The Revolvers of Tiger McKee

Hop on the Chopper
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The Chopper, an S&W Model 66, as re-imagined by Tiger McKee of Shootrite Academy.

The big white dot of the front sight centers on the target as your finger rolls the trigger back, so smoothly it feels like an oiled ball bearing. The recoil of the .357 Magnum round is more reassuring than painful and the stippled grip doesn’t move inside your grasp at all as the trigger slides smoothly back forward, the white ball already centered again on the shot group forming downrange.

You are shooting a “Chopper,” a sweet Smith & Wesson revolver made all the sweeter by the ministrations of one Tiger McKee.

If you’re well acquainted with the handgun world, you already know the name. Tiger McKee is a world-recognized authority on defensive shooting, as evidenced by the fact he writes the Tactics & Training column for this magazine’s sister publication, American Handgunner. He earned his fame with two classic guns of his generation, the 1911 .45 pistol and the AR15 rifle, but admits to a love for revolvers. For a number of reasons, he thinks they’re good choices for armed citizen carry — and he improves them.

Muzzle re-shaped and counterbored. Note protective sight wings.

Meet The Test Gun

The Chopper featured here is one of a pair he built for Roger Caudle, a regular customer who already owns two or three McKee revolvers. It began as a Model 66-1 from the good ol’ days before internal locks, with a 2.5″ barrel and S&W’s micrometer adjustable sight. It looks a lot different now.

Tiger explains, “I started out taking square butt, 4″ barrel K-Frame revolvers and turning them into the 3″ round butt configuration everyone wants now and can’t find. That left the ‘Smith & Wesson’ designation on the left side of the barrel and the caliber designation on the other side no longer centered, and I wound up milling the sides of the barrel flat. That solved the aesthetic issue, and also seemed to improve the balance of the gun. The balance element is the reason I do it on guns that are already the desired barrel length.”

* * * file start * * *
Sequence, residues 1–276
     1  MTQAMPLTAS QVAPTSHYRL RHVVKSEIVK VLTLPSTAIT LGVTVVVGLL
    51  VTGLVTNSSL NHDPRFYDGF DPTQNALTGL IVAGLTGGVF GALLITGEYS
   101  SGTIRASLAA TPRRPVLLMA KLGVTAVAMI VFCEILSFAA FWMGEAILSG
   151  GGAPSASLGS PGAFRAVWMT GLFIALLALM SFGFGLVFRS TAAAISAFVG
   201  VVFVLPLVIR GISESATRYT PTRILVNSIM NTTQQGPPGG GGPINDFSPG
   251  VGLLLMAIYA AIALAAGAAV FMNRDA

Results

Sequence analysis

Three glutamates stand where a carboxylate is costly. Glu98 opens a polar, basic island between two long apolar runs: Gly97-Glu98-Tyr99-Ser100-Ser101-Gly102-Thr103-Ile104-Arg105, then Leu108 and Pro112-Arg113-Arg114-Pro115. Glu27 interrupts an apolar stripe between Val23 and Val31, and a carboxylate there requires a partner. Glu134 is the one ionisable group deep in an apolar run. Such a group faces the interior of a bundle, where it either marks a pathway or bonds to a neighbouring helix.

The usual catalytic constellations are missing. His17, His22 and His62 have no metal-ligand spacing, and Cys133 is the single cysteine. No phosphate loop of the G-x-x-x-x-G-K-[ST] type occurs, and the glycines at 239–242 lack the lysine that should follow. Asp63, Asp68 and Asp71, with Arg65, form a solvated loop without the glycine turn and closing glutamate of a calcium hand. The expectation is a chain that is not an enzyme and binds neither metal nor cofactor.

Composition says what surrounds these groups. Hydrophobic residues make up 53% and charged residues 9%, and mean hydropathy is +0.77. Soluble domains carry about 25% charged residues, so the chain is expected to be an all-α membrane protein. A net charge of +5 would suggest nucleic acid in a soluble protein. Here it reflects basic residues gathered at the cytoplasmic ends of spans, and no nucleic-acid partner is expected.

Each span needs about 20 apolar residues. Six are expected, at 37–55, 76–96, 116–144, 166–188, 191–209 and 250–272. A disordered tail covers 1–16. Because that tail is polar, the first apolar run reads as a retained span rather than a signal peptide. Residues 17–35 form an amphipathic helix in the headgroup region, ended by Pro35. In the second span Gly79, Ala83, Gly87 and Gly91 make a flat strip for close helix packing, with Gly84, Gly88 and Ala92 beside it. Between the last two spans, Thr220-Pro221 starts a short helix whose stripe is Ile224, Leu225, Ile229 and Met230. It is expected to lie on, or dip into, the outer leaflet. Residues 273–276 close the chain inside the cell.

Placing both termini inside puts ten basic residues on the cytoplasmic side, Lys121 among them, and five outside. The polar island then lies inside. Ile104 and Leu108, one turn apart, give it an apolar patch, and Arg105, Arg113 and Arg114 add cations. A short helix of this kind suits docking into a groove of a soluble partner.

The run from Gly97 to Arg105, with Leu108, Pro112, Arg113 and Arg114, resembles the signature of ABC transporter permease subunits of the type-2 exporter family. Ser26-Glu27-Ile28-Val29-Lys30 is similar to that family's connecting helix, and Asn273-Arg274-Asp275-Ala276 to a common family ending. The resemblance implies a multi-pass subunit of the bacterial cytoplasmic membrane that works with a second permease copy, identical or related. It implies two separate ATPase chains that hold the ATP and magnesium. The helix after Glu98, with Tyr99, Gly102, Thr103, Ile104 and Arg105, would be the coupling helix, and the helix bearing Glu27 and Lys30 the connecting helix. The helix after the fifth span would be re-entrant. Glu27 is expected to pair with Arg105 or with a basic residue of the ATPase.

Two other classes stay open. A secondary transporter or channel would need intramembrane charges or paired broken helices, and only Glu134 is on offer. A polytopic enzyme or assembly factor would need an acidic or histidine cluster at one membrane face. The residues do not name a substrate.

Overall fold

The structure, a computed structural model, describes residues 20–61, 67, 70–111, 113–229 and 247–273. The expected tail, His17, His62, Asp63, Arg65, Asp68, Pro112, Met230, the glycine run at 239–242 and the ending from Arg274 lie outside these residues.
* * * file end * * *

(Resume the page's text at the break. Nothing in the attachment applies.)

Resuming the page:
This Chopper has distinctive sights. Tiger added an XS Big Dot front with tritium dot in the front, and the big, rugged fixed rear sight Cylinder & Slide Inc. makes to replace factory S&W adjustable sights. The humongous front sight is flanked by thin steel protective wings. The reshaped barrel is pleasantly sculpted, its muzzle re-crowned for accuracy and counter-bored for protection. Tiger has made this 66 a “triple lock” with a spring-loaded ball bearing on the crane, giving the Chopper a three-point cylinder lockup. Tiger does a “melt” rounding of all sharp edges on the revolver. The backstrap of the grip-frame is lightly stippled and so are the Hideout grips from Brownells. The most expensive and time-consuming part of the full Chopper job, Tiger says, is reshaping and narrowing the trigger guard to allow faster access by the index finger. The gun is finished in Gun Kote, this sample being Magpul FDE for the frame and Magpul Stealth Gray for trigger, hammer, cylinder and traditional style cylinder release.

Another nice touch — the front edges of the cylinder are chamfered, allowing for smoother re-holstering: an important and often overlooked subtlety.

Which leaves the trigger work. Ah, the trigger work …

Added lock on yoke, unique barrel treatment are seen here.

CCI Lawman .38 +P gave us our best group with the Chopper.

The Chopper in Action

Externally, he radiuses and polishes the trigger itself (“For fighting, not target shooting,” as he puts it), and bobs the hammer. Tiger explains, “All metal-to-metal contact points are honed and polished. I’ve had a lot of people help me learn to tune one, like Roy Huntington. Correct tolerances are critical. The springs are Wolff. I use their standard hammer spring — a little lighter than factory but still giving positive ignition even with the hardest primers. I put in a 14-lb. rebound spring for faster trigger return.”

On the Chopper’s first of many range runs, I invited along Alan Davis and his son Owen. Alan is a many-time Stock Service Revolver division champion in major IDPA matches, and his first reaction to pulling the Chopper’s trigger was “Ooh. This is nice!”

My sentiments exactly. The trigger is hospitable to the finger, reset is indeed fast and the DA pull runs around 10 lbs. but feels a lot less because it’s so smoo-ooth. Like J.H. Fitzgerald, the legendary Colt guy who created the famed Fitz Special, Tiger leaves the bobbed hammer’s single action capability in place — sub-3 lbs. — for the customer who thinks he just might one day need a crisp short pull for a precision shot. You start the trigger back until enough of the stubbed hammer has risen for the support hand thumb to catch it, or he’ll make it double-action only, your choice.

We found ourselves shooting way low putting the Big Dot all the way into the U-notch of the rear sight, “ball in basket,” the way we shoot S&W Nightguards and 340 M&Ps so equipped. With the front sight up higher, we were on target, and Owen was soon going six for six on the falling plates. A call to Tiger elicited the info this particular customer preferred a sight picture with the Big Dot up out of the notch and the tritium dot level with the top edge of the rear sight. Two lessons: Don’t trust the other guy’s sights ’til you’ve shot the gun, and — Tiger McKee will make your gun exactly the way you want it.

The work ain’t cheap, but it’s so much in demand he has a four- to six-month wait time. From what I saw and felt shooting it, it’s worth the wait! You can reach Tiger McKee to discuss what you want through Shootrite.org or write him at Shootrite, 98 Lois Lane, Langston, Ala. 35755.

Cylinder-Slide.com

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